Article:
Hackers are targeting Atlassian Confluence document collaboration software en masse, leading U.S. Cyber Command to issue an urgent warning. ("Atlassian Sydney Office All-Hands" by doctorDray is licensed under CC BY 2.0)

The Jenkins project reported Friday that one of its servers was successfully attacked by hackers using a recently warned about Confluence vulnerability to install a cryptocurrency miner.

Confluence is a web-based collaboration tool, according to Atlassian’s description.

U.S. Cyber Command last week issued an urgent warning about an active, mass exploitation of Atlassian’s Confluence CVE-2021-26084 and issued a public plea via Twitter for users to patch the service immediately prior to the Labor Day weekend.

SC Media previously reported that CVE-2021-26084 is an OGNL-injection vulnerability patched Aug. 25 offering remote code execution that affects versions of the product before 6.13.23, 7.11.6, 7.12.5, 7.13.0, and 7.4.11. It was originally discovered through the firm's bug bounty program. The bug does not impact Confluence Cloud customers.

Though Jenkins reports on its blog that there is no reason to believe that any of its releases, plugins or source code was affected, the open-source automation server immediately took the affected server offline.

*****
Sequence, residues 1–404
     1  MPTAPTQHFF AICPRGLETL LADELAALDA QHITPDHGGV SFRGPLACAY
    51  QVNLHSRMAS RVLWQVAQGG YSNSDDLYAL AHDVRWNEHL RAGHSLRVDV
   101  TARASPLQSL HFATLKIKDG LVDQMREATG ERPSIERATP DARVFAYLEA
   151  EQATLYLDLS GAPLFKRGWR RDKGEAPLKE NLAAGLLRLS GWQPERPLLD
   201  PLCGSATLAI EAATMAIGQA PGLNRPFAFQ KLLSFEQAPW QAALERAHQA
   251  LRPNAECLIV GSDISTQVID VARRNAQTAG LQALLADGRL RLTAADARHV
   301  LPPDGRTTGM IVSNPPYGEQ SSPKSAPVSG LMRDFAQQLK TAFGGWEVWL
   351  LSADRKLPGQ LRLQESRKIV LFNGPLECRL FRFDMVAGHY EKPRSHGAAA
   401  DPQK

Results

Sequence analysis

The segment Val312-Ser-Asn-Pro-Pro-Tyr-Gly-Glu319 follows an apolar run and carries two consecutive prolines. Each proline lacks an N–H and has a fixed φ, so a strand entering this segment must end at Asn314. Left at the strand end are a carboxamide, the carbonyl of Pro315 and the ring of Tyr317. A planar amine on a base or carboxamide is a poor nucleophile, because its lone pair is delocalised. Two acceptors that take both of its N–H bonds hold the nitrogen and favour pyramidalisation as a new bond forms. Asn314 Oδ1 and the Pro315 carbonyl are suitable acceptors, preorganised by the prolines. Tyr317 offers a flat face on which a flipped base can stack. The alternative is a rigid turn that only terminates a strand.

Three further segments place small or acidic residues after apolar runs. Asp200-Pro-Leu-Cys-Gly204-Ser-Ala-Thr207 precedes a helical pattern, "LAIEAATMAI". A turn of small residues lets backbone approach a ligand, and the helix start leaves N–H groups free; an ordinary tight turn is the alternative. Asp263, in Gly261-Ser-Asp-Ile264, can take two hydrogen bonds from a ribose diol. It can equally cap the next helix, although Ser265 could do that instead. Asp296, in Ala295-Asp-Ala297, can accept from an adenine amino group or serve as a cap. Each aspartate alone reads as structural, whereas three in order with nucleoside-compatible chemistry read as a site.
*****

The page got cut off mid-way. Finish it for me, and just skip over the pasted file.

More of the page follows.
“Thus far in our investigation, we have learned that the Confluence CVE-2021-26084 exploit was used to install what we believe was a Monero miner in the container running the service. From there an attacker would not be able to access much of our other infrastructure. Confluence did integrate with our integrated identity system which also powers Jira, Artifactory, and numerous other services,” according to Jenkins blog post.

Jenkins disabled the Confluence service, rotated privileged credentials and took other measures to reduce the scope of access across its infrastructure, Jenkins said on its blog.